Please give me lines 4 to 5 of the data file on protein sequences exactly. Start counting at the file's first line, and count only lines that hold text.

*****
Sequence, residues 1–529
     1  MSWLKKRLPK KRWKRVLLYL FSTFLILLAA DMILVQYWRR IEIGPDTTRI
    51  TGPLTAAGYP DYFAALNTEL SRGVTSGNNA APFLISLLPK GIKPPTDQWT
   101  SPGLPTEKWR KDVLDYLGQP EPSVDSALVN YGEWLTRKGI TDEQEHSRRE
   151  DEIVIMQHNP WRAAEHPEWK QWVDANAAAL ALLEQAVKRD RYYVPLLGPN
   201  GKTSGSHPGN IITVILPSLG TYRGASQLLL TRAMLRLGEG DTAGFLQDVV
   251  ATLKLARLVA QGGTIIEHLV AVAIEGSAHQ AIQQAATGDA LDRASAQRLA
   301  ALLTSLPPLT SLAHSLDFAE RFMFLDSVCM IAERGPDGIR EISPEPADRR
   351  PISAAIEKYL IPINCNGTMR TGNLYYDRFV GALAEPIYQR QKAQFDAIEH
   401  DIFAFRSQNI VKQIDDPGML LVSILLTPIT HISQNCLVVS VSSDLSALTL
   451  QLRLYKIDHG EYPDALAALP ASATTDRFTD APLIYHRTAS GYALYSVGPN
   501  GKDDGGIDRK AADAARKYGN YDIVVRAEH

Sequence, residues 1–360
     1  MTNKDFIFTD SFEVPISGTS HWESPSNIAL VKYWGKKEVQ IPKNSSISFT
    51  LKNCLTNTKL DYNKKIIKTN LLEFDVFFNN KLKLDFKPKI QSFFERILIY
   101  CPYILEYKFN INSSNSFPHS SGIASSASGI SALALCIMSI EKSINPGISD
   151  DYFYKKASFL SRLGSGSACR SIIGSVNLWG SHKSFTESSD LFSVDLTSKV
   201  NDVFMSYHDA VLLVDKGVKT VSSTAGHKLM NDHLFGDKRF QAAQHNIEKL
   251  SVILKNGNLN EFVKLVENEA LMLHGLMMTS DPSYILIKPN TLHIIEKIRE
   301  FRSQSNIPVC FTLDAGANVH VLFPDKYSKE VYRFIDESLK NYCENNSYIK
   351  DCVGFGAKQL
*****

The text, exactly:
   101  SPGLPTEKWR KDVLDYLGQP EPSVDSALVN YGEWLTRKGI TDEQEHSRRE
   151  DEIVIMQHNP WRAAEHPEWK QWVDANAAAL ALLEQAVKRD RYYVPLLGPN